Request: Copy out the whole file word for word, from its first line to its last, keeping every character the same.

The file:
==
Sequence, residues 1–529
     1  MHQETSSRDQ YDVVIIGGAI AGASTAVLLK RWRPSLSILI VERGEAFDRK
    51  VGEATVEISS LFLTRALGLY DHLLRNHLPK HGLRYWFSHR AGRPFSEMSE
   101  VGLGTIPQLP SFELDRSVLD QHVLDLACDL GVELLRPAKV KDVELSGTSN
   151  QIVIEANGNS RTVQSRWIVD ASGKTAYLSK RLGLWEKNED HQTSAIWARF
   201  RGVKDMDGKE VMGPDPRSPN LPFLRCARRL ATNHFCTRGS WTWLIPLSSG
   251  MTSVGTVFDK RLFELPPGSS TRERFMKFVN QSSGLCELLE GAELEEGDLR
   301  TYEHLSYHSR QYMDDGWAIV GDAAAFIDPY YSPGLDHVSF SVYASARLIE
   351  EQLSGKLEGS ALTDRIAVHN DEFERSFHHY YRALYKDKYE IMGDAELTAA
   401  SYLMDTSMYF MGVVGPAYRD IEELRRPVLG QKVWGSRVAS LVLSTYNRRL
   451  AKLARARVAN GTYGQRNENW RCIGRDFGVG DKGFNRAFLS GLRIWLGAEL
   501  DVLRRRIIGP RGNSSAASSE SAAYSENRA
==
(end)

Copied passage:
Sequence, residues 1–529
     1  MHQETSSRDQ YDVVIIGGAI AGASTAVLLK RWRPSLSILI VERGEAFDRK
    51  VGEATVEISS LFLTRALGLY DHLLRNHLPK HGLRYWFSHR AGRPFSEMSE
   101  VGLGTIPQLP SFELDRSVLD QHVLDLACDL GVELLRPAKV KDVELSGTSN
   151  QIVIEANGNS RTVQSRWIVD ASGKTAYLSK RLGLWEKNED HQTSAIWARF
   201  RGVKDMDGKE VMGPDPRSPN LPFLRCARRL ATNHFCTRGS WTWLIPLSSG
   251  MTSVGTVFDK RLFELPPGSS TRERFMKFVN QSSGLCELLE GAELEEGDLR
   301  TYEHLSYHSR QYMDDGWAIV GDAAAFIDPY YSPGLDHVSF SVYASARLIE
   351  EQLSGKLEGS ALTDRIAVHN DEFERSFHHY YRALYKDKYE IMGDAELTAA
   401  SYLMDTSMYF MGVVGPAYRD IEELRRPVLG QKVWGSRVAS LVLSTYNRRL
   451  AKLARARVAN GTYGQRNENW RCIGRDFGVG DKGFNRAFLS GLRIWLGAEL
   501  DVLRRRIIGP RGNSSAASSE SAAYSENRA